In September of the same year 2019, some sisters participated in the first meeting and training on human rights. From this moment on, we have been closely integrated into the La 72 project, a place that we remember with great appreciation for all the experiences that have left their mark in our lives. As a result of this meeting we also joined the Franciscan Network on Migration.
Each day is a new opportunity to continue with the mission that was entrusted to us, accompanied by the brothers and sisters that God places on our path, an action with Spirit that gives meaning to our existence, makes us more human, happier and closer to those who are forced to abandon and renounce everything, not of their own free will but forced by people or situations that are impossible, closer to those who dare to take the risk in the hope of finding something better or at least living in peace.
Our challenge is to accompany them and give human and spiritual care, supporting them and valuing their cultural expressions (cfr. DA 413), with an attitude of welcome and mercy to people who go through difficult realities. This is to be present and to be an evangelizing presence, “to leave our own comfort and dare to reach all the peripheries that need the light of the Gospel” (EG 20).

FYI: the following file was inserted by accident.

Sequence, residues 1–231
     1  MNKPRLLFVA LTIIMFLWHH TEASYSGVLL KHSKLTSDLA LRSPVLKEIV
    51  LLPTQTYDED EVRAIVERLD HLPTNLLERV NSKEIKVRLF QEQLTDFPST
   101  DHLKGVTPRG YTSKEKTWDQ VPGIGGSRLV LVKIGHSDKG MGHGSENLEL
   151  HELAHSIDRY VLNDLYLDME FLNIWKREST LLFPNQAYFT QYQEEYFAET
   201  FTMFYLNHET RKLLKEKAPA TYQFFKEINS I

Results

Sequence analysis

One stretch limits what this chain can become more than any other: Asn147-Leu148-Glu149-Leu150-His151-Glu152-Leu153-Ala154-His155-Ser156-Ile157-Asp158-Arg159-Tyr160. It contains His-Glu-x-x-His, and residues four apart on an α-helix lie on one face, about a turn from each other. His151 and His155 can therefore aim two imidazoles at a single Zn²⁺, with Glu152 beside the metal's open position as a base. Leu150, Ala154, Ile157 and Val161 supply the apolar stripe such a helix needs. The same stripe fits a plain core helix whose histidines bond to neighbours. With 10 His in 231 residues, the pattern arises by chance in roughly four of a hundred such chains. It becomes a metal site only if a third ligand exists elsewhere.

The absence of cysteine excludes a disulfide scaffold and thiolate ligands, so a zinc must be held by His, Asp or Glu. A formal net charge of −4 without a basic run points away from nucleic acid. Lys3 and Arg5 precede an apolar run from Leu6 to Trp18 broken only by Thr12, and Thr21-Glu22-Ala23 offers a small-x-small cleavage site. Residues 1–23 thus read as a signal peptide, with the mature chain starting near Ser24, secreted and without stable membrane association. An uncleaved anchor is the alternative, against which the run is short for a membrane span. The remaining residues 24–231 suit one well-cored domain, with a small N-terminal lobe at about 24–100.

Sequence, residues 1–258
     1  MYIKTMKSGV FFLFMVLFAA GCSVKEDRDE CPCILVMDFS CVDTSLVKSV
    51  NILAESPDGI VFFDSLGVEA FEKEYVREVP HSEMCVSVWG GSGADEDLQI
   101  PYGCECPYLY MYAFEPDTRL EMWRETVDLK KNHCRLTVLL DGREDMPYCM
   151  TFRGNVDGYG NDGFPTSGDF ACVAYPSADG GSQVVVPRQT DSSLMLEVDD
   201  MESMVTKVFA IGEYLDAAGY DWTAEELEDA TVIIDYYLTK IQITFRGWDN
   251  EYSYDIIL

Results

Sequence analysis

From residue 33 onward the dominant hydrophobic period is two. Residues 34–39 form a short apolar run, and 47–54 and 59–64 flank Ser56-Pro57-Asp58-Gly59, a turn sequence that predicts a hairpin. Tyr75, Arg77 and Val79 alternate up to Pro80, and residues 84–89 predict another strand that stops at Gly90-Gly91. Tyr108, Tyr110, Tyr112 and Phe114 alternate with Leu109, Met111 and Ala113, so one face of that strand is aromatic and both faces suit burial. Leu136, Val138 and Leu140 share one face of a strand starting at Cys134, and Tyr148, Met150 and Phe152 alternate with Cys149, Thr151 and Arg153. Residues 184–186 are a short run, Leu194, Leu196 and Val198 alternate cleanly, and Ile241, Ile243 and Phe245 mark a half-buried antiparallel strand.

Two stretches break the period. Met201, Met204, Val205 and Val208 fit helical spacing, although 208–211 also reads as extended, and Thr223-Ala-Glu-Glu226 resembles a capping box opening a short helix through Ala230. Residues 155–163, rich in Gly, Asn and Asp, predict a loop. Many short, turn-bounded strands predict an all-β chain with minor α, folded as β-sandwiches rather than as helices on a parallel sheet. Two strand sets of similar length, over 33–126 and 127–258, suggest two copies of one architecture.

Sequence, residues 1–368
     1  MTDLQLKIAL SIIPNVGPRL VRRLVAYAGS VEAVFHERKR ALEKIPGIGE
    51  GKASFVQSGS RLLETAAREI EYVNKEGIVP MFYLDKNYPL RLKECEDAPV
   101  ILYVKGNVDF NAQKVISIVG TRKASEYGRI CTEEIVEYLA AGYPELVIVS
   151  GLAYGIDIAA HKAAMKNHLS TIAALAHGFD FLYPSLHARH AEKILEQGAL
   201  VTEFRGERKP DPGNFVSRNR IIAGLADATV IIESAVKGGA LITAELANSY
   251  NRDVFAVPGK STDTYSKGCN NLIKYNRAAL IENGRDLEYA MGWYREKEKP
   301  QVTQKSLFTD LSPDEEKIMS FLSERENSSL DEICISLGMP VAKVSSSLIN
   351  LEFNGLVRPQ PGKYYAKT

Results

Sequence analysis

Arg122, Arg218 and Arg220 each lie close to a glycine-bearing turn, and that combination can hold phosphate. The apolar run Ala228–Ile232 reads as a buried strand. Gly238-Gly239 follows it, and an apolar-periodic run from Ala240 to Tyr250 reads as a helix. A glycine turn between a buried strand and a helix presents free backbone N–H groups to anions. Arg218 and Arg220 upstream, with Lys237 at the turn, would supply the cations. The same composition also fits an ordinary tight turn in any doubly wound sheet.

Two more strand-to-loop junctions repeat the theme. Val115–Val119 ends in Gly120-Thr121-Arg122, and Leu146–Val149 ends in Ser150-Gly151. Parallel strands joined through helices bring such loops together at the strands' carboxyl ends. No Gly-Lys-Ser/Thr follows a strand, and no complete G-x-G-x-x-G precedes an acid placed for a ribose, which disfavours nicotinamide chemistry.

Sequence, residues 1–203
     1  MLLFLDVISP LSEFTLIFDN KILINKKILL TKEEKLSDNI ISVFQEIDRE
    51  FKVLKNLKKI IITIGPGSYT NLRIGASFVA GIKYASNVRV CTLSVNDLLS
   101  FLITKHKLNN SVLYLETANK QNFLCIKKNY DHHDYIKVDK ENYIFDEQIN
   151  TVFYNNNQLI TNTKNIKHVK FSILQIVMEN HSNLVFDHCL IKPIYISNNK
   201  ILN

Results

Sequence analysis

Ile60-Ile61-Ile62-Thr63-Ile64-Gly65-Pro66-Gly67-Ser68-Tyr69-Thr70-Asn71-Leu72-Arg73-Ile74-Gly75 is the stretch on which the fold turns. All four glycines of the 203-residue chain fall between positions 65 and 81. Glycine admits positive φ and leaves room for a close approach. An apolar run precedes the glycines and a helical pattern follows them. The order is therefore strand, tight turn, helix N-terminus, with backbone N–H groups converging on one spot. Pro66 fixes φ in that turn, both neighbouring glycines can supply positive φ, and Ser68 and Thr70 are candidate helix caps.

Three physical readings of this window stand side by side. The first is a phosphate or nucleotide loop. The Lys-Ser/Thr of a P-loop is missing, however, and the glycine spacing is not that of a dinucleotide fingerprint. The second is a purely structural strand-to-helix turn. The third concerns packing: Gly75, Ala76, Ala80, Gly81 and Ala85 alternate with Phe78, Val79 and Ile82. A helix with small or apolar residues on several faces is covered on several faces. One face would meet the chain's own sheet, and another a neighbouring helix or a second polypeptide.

Our starting point is in God and in the human being, where the only thing that makes sense is Love (Jn 13:34), this love that allows us to go beyond our fears, human insecurities and that opens us freely to the other, to the needy, to the one who has no voice. It is a love that we have received for free, therefore, we must give it freely. Jesus carries out his mission as a migrant in a strange land, misunderstood by his own; he is always on the move in the opportunities to meet the helpless, the widow, the leper, etc. In the same way, today we are invited to “go out to others to reach the human peripheries, slow the pace, put aside anxiety to look into the eyes and listen, or give up the urgencies to accompany the one who was left behind on the way. ” (EG 46)
From our own vocation we are called to collaborate in the construction of a more fraternal and human world. Will we be capable of a prophetic gesture like this? What prevents us? What is the origin of our apathy and indifference towards migrants? “Small but strong in the love of God, like Saint Francis of Assisi, we are called to care for the fragility of the people and the world in which we live” (cf. EG 216), sharing who we are, with the poor and excluded: a fraternity of brothers and sisters.